Jeff Coakley is a superb, well-respected and capable chess master from Canada, as well as one of the country’s leading coaches. Jeff has been teaching chess in Toronto, throughout Atlantic Canada, and via the internet, for over twenty-five years, now.
A sizeable group of his students have gone on to become national champions. If you also want to become a national champion, you must read our 3 best chess books for kids.
Winning Chess Strategy for Kids Book
|Winning Chess Strategy for Kids||9.08/10||240 Pages||Check Price On Amazon|
While teaching chess mono e mono is definitely the forte of Jeff, he is also a very capable author, most well-known for his books focused on teaching children about chess. As such, we will now take a look at our Winning Chess Strategy for Kids book review.
Among Coakley’s best books is Winning Chess Strategy for Kids that was published about twenty years ago, in the year of 2000. We would be disingenuous to say that any other author can write quite with the same enthusiasm and charisma that Jeff does when focused strictly on the children.
Jeff’s book right here is an easy to grasp volume that kids just absolutely adore. Most notably, children aged seven to about thirteen enjoy and find the book insightful. Packing with very unique material and ideas that are very original, artwork that amuses and astonishes children from all ages, this just might be one the best guides, regardless of age, for learning chess.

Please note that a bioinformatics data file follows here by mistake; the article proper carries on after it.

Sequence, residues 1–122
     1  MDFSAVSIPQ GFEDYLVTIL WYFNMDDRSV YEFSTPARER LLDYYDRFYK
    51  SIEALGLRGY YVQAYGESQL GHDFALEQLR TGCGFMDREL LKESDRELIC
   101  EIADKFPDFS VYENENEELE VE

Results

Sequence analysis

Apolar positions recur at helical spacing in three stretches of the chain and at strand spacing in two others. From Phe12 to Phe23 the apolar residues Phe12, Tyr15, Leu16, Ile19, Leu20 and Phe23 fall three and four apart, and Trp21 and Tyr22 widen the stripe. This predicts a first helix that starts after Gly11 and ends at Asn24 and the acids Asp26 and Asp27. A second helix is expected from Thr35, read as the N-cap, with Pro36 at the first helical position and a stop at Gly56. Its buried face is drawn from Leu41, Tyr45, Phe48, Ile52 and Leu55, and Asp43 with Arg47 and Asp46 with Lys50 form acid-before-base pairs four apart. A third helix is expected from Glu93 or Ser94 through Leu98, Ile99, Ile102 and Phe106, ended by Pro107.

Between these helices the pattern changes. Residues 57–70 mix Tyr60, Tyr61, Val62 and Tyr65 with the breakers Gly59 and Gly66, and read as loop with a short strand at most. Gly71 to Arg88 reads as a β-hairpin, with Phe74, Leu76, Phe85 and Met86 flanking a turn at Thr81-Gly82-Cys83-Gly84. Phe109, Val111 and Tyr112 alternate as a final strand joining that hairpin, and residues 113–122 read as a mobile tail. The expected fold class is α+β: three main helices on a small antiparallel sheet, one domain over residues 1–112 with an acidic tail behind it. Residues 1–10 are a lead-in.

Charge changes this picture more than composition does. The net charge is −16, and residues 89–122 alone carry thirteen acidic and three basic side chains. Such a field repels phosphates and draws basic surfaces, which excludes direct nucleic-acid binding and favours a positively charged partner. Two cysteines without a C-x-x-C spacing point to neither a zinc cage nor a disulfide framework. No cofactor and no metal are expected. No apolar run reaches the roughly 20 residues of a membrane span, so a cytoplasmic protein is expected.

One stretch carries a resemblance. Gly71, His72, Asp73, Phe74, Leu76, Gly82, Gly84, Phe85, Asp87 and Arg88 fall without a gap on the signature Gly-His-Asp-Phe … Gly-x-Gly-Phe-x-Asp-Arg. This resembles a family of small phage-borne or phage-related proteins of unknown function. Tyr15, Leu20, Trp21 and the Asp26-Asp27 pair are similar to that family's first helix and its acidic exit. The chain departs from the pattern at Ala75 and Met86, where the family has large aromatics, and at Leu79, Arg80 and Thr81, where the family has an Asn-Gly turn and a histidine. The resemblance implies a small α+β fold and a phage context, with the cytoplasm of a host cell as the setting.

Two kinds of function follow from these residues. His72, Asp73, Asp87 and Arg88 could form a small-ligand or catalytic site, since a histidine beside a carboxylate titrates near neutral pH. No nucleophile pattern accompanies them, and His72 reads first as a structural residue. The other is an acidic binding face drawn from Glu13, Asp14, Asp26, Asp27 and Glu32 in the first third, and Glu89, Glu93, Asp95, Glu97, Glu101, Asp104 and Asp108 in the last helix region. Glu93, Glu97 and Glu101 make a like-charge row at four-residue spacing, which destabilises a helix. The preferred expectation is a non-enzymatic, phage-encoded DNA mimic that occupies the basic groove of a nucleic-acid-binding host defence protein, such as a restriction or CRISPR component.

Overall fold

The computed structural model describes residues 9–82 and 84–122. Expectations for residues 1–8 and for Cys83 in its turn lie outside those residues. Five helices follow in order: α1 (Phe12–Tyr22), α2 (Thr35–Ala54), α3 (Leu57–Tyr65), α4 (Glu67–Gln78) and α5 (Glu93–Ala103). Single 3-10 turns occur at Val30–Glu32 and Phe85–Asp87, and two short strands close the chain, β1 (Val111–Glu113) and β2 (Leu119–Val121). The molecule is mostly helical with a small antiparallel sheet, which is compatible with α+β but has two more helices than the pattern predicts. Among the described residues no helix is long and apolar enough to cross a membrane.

It starts out with the very basic and fundamental things about the game of chess. Foremost are the rules that are expertly covered, followed by the explanation of commonly utilized and simple checkmates, with a bit of focus given to some plain, yet interesting tactics.
Then, when the reader has caught up with that, we go further into some advanced tactics and strategies, as Jeff wonderfully explains them, piece developing, going against and attacking a castled king, some words on the structure of pawns, and the like.
When that is covered, Jeff spends time teaching the reader about principles about the midgame, and principles about the other two main phases of the game. The tone and, more importantly, the way that Jeff writes remains easily graspable, concise and smooth, all throughout. Combinations and some explaining of the terminology of the game is given during the final chapters.
Regardless of what the child is most interested in, Jeff’s invigorating and absorbing read will have them strategizing on how to checkmate their friends in no time. We hope that we have done justice to Jeff’s work in our Winning Chess Strategy for Kids’ book review.